Originally published on http://www.bicycling.com
It might not grant eternal youth, but cycling, scientists have found, can slow the aging process and keep your muscles and immune system healthy well into your golden years.
Aging, it turns out, can do a number on your muscles. Humans typically lose muscle mass as they get older. Fat and connective tissue also start invading, affecting the muscles’ ability to contract. Furthermore, muscles can no longer suck up oxygen at the same rates.
However, a new study questioned if these age-related muscle declines are inevitable, or if regular exercise—cycling, in this case—can slow down or even reverse them.
To figure this out, researchers at King’s College in London biopsied the vastus lateralis muscle—the largest and most powerful part of the quad—in 125 male and female cyclists. Participants were all between 55 and 79 years old and deemed highly active (meaning the men could bike at least 62 miles at 15 mph, and the women 37 miles at 7 mph, twice within three weeks).
The researchers then analyzed muscle properties related to aerobic function and explosive muscle power. They found that, compared to sedentary populations, the cyclists showed less age-related muscle deterioration. That is, at the tissue level, muscle mass and strength stayed intact.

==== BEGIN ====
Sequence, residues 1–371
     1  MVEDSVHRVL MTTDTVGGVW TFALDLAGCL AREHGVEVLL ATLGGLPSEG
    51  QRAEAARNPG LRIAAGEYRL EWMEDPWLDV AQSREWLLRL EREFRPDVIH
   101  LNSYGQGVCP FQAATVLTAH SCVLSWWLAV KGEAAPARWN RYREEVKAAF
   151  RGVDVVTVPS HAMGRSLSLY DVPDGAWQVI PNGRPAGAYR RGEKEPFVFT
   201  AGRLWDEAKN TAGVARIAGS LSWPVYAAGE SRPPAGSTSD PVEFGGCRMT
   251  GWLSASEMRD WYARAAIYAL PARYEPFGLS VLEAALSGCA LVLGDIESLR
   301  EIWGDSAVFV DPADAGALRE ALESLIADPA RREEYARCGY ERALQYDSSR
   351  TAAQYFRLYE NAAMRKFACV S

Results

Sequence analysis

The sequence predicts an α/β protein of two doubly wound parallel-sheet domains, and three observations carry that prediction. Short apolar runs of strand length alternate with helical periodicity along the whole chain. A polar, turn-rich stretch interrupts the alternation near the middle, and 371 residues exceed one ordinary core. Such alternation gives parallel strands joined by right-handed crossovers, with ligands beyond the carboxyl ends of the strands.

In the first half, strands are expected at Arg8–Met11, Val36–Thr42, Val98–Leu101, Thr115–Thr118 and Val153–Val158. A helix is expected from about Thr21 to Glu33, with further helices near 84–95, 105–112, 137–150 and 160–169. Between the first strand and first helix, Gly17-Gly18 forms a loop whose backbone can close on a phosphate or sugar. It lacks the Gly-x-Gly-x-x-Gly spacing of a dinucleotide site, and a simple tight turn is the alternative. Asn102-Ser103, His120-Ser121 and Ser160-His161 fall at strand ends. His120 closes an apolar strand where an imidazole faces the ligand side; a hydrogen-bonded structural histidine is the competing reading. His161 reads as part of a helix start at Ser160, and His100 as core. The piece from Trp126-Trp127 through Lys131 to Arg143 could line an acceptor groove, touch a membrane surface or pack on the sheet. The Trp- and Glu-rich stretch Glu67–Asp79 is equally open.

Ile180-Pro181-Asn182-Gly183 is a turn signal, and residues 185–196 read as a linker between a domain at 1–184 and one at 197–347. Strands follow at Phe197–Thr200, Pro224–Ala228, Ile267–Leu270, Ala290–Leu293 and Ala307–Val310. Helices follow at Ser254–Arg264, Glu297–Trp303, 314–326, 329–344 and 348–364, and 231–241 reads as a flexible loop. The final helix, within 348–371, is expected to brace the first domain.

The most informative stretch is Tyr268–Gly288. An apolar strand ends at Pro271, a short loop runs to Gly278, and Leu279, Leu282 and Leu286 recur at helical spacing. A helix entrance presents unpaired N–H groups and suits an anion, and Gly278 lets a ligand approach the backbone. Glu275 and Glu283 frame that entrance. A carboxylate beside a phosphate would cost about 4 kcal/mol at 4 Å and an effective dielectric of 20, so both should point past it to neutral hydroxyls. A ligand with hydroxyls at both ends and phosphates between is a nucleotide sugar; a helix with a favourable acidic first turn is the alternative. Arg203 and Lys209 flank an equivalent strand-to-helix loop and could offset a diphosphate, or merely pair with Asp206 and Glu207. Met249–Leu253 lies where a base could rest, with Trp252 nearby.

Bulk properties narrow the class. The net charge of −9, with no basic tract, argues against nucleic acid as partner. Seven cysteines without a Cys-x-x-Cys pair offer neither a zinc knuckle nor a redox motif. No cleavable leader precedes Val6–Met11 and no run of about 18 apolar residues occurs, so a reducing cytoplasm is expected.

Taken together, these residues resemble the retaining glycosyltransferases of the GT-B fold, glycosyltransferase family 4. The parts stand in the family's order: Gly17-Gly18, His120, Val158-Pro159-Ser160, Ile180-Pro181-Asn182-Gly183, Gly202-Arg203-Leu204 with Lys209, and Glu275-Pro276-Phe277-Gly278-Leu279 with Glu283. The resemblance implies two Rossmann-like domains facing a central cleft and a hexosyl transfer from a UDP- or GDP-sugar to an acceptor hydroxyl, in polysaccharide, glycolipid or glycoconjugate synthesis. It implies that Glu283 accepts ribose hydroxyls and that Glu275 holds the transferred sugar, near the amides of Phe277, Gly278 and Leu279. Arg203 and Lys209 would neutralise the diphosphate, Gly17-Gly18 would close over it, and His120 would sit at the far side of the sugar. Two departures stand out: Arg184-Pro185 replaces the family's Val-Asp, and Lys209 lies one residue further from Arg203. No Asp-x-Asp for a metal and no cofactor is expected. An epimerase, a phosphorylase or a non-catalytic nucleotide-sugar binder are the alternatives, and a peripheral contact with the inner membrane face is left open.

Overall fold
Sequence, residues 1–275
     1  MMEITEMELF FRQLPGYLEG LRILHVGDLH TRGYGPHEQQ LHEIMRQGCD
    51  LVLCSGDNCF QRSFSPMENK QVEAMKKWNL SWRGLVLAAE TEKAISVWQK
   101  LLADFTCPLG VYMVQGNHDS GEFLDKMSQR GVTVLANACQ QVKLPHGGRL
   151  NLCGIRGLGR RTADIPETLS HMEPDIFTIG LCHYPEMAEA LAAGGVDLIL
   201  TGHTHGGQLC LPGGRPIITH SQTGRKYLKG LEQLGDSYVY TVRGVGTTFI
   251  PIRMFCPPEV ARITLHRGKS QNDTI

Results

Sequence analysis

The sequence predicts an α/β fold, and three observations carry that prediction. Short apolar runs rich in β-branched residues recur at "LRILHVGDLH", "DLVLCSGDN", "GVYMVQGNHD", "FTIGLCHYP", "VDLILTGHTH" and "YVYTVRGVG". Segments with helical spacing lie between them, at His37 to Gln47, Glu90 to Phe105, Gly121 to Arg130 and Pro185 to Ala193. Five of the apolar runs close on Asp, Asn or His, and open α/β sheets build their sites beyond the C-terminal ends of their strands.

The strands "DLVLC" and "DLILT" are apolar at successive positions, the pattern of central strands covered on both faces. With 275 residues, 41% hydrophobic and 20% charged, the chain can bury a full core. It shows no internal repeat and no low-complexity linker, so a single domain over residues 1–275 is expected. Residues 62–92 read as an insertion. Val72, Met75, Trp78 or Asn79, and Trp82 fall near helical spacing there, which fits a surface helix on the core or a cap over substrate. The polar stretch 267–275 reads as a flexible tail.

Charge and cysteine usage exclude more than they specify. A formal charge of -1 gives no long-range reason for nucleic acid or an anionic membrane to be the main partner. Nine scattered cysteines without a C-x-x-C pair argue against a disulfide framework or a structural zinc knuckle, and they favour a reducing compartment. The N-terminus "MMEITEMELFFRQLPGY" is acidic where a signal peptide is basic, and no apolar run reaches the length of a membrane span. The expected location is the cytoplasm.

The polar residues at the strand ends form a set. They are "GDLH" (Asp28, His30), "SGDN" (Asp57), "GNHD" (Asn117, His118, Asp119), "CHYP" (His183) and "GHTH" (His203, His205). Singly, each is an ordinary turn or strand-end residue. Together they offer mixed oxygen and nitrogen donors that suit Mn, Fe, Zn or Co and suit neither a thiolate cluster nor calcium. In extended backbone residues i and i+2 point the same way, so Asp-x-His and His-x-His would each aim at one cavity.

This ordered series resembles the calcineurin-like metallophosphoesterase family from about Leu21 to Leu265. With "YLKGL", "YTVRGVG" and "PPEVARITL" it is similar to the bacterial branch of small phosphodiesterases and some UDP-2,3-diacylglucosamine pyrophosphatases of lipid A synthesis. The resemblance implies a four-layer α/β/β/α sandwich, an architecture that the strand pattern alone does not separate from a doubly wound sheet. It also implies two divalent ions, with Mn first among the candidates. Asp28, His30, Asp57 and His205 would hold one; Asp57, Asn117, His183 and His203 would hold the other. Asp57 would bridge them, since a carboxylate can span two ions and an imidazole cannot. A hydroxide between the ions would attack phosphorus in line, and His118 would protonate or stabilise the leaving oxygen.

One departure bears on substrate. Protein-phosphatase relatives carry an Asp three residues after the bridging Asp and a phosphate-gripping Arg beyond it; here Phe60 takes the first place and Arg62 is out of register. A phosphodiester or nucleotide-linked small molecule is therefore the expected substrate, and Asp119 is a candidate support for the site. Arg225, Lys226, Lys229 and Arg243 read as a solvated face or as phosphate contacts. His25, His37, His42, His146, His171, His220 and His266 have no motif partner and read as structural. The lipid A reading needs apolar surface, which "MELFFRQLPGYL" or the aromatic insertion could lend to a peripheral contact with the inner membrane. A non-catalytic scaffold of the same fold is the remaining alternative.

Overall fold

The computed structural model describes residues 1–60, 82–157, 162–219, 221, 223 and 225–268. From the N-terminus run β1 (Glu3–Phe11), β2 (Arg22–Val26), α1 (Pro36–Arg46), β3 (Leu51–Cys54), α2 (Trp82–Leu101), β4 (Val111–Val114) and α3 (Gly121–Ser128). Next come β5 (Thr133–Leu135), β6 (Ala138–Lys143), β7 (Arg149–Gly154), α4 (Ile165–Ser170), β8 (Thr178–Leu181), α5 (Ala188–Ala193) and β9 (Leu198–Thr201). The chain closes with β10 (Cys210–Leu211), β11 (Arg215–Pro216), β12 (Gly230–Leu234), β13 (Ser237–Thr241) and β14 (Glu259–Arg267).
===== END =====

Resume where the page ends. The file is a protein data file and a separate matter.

A second study turned the researchers’ attention to the immune system, which can also decline as you age. Specifically, your thymus—the part of your body that produces white blood cells—begins to shrink. It then produces fewer cells, meaning your body gradually loses the ability to protect itself against disease.
This trend, however, has been observed primarily in inactive populations, so the researchers wanted to see whether regular cycling could help prevent it. They compared blood samples from the same group of cyclists with blood from 75 older sedentary adults (aged 57-80) and 55 younger sedentary adults (aged 20-36).
They found that while cycling didn’t protect against every single measure of immune-system decline, the cyclists had white blood cell levels comparable to those of the younger control group—meaning that their immune systems were acting “younger.”
These studies are only two of many that demonstrate how physical activity like cycling can slow the aging process. One 2017 study found that high-intensity interval cycling increased mitochondrial capacity—a big deal when it comes to aging, as the decline of these organelles leads to the onset of age-related disease.
Another study from last year found that regular vigorous exercise protected telomere length. Shortened telomeres are what cause cell death—i.e., aging—and those who exercised saved themselves up to nine years of cellular deterioration.